With every project, there are intermediate points where things actually look pretty good, and I wonder if maybe I shouldn’t continue with the rest of the plan. At this point, I kind of liked the highlight of the birch next to the cherry. Maybe I didn’t need to continue making faces. A friend even remarked that the blue tape temporary pulls matched well. Continue, I did, though.
The simple face solution would have been to run a plank horizontally across each drawer. I though this would break up the appearance too much, though. It wouldn’t be the simple solution for the cabinet door, either. Instead, I chose to run planks top-to-bottom.
My initial plan had been to glue up this whole panel, and then cut each drawer and cabinet face from it. But, with the assembled dresser taking up space, and the need to keep a path clear for laundry, there just wasn’t room. Instead, I very carefully labeled and cut each piece for each section, and glued each drawer face together individually.
This required some extra attention to alignment along multiple axes while clamping, but I think you’ll see that it all worked out.
I delayed any choice on handles for a long time. Cherry or an accent wood dovetailed into the edge? Leather loops, especially after seeing how the temporary tape pulls fit? I ultimately fell back on my second favorite project material: slate.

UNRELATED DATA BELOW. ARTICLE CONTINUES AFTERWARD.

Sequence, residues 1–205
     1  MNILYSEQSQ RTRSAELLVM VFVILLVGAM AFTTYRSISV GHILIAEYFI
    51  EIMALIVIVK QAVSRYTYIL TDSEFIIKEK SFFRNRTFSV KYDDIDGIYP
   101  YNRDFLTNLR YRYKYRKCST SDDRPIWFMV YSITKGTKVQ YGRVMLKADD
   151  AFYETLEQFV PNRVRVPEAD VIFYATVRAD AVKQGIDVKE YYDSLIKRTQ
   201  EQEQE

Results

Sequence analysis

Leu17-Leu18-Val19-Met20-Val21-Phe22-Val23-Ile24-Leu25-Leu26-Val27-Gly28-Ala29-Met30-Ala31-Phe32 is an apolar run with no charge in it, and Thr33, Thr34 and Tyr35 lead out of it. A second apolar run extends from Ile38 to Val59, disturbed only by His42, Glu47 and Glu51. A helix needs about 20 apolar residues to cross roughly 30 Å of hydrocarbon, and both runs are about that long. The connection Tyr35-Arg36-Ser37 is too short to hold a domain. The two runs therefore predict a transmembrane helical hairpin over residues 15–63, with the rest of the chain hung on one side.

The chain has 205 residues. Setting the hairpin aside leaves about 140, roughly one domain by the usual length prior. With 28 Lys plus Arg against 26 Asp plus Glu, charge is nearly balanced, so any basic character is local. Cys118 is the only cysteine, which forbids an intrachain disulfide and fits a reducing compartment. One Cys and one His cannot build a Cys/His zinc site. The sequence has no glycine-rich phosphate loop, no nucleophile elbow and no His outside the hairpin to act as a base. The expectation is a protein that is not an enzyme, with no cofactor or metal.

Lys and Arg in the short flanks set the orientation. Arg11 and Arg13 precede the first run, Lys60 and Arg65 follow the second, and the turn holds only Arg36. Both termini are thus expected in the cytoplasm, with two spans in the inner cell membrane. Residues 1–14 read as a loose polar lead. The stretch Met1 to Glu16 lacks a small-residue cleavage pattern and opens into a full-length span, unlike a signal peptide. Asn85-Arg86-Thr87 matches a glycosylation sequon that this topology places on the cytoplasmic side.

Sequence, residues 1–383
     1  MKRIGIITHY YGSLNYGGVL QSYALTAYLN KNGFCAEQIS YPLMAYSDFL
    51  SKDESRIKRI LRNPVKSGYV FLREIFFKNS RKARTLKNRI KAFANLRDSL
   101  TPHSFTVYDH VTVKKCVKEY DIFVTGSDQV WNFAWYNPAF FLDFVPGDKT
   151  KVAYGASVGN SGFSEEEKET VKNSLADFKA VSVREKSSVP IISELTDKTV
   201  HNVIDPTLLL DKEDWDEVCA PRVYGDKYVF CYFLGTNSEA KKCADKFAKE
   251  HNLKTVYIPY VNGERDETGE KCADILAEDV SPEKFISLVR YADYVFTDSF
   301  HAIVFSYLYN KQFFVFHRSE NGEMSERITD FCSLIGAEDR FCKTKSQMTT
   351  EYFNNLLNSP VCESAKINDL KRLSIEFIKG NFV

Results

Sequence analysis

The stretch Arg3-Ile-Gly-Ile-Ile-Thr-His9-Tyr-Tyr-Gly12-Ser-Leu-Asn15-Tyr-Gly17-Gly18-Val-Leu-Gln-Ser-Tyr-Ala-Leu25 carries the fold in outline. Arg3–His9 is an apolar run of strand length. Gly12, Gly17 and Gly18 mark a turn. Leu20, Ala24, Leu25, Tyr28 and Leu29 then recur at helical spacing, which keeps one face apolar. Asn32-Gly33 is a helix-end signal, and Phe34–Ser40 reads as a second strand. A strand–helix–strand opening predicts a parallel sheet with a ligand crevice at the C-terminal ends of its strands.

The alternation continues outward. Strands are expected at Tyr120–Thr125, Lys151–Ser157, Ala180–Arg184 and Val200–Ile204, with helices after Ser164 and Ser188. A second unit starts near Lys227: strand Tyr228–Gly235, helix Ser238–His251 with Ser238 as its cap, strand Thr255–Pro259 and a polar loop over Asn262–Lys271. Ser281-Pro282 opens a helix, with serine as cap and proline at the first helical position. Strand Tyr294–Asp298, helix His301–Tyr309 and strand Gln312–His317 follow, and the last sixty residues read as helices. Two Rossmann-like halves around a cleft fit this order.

Four-inch long, near-square rectangular prisms: one-half inch top and back, Five-eighths inch front, and an approximate ten degree bevel connecting front to back on the underside. I drilled holes an inch to either side of center, into which I gorilla-glued insert nuts.
I used a flagstone sealer to give them a richer tone, and a smoother feel. It’s the same sealer that I used on my coffee table a few years ago, and it has held up well there.
I chose “dark antique” brass butt hinges for the cabinet door. Only a small portion of the hinge is visible, but the dark finish matches the slate well.
Mortising hinges is the second technique I practiced with my box project last spring. The process here was the same: use a marking gauge to layout the cut, cross-chop and clear waste, and lay in the hinge.
To keep the door closed, I embedded a magnet in the door, and a matching one in a small block installed in the case. A one-half inch forstner bit made a perfect hole for neodymium magnets, tacked in place with a dab of Old Brown Glue.
I’ve learned that for eight years, the note about the simple mineral oil and beeswax finish that I used on my bed has had the ratio reversed. If the way is was written, one part oil to four or five parts wax, is correct, then I didn’t pack the wax into the tablespoon at all. I think it’s more likely that the correct ratio is four parts oil to one part wax. That mixup is likely what caused so much trouble finishing those toy blocks last year.
Since I didn’t realize the error until mixing a large batch at the wrong ratio, I had limited options to recover. So, this project’s finish is a two-to-one ratio of oil-to-wax. It took a little more elbow grease to smear on again, but it did smear this time.